The Cinnamomum genus is widely distributed throughout the tropical and subtropical zones of Asia. Of the more than 250 species known, 41 can be found in China mainly throughout the Yangtze River basin in the southeastern and southern provinces. The distribution of Cinnamomum species in China can be seen in Figure 1.
Although the seeds of Cinnamomum species are rich in fats and oils that are used as sources of C-IO and C-12 fatty acids, it is the essential oils of this genus that are of interest to perfumers and flavorists. Many Cinnamomum oils of Chinese origin are of great importance. For example, oils such as cassia, sassafras and camphor earn foreign exchange as do a number of nautral isolates such D-borneol, D-camphor, L- and D-linalool etc., which are available from various organs of different Cinnamomum species. The species that have achieved economoic importance and those with potential will be discussed separately.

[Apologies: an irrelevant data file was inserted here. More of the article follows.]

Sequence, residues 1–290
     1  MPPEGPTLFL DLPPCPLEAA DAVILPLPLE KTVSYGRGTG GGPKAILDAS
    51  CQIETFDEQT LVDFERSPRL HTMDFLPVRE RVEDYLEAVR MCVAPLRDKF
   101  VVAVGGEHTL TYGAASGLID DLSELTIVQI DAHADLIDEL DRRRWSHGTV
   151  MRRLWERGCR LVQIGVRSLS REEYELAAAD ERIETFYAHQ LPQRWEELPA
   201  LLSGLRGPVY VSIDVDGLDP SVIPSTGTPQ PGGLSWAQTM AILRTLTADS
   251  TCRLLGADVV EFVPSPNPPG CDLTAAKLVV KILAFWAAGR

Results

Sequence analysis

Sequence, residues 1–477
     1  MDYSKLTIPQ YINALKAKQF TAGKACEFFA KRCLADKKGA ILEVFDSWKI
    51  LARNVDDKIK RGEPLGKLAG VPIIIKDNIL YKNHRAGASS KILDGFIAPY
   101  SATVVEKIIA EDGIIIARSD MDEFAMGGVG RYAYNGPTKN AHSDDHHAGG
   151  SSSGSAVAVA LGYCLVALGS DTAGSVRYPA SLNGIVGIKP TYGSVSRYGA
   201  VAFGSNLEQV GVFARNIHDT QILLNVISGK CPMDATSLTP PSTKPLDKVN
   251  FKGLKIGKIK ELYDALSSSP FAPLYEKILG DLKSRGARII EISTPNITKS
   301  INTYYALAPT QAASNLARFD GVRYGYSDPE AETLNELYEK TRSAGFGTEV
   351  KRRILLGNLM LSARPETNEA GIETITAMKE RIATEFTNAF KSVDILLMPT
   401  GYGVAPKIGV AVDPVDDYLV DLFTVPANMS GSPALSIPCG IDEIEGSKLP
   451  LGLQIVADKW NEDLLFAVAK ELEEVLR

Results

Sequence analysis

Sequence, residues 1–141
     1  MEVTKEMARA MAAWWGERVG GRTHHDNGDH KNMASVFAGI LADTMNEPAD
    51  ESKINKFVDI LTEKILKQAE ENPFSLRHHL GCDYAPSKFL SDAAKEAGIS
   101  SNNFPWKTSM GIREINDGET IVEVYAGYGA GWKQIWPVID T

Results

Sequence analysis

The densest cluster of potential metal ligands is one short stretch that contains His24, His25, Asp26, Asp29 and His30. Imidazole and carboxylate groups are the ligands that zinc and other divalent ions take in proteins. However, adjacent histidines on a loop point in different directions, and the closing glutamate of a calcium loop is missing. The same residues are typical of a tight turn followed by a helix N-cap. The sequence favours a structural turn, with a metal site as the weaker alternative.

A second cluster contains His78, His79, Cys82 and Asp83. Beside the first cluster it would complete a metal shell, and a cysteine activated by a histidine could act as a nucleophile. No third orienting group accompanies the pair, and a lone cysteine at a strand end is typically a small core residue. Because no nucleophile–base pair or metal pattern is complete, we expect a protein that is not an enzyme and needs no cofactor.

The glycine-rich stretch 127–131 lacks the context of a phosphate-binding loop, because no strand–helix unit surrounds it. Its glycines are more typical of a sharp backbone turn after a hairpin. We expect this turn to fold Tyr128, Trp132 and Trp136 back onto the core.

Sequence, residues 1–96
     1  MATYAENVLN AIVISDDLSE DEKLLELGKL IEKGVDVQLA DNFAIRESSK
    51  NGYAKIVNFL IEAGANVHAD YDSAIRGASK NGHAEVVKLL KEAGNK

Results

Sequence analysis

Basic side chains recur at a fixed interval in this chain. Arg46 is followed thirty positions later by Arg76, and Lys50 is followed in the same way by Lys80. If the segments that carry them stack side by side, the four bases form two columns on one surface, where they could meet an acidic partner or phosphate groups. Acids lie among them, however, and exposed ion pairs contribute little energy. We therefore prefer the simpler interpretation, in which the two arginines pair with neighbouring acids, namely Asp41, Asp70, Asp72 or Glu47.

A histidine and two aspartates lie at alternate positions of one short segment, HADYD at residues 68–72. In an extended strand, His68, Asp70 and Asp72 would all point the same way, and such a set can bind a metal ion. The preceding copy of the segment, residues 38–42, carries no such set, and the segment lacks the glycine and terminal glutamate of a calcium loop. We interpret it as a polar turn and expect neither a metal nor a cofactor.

Cinnamomum camphora L.
The utilization of this species has a long history in China because the roots of this and other species have been water distilled to produce camphor for more than a century. Although in the 1920s natural camphor was mass produced from C. camphora in Taiwan by the Japanese, between 1930-1960 camphor production was developed in Guangdong, Guangxi, Jiangxi and Fujian provinces. Today, the so-called true camphor oil is produced by steam distillation of the wood and branches of C. camphora in the above noted provinces.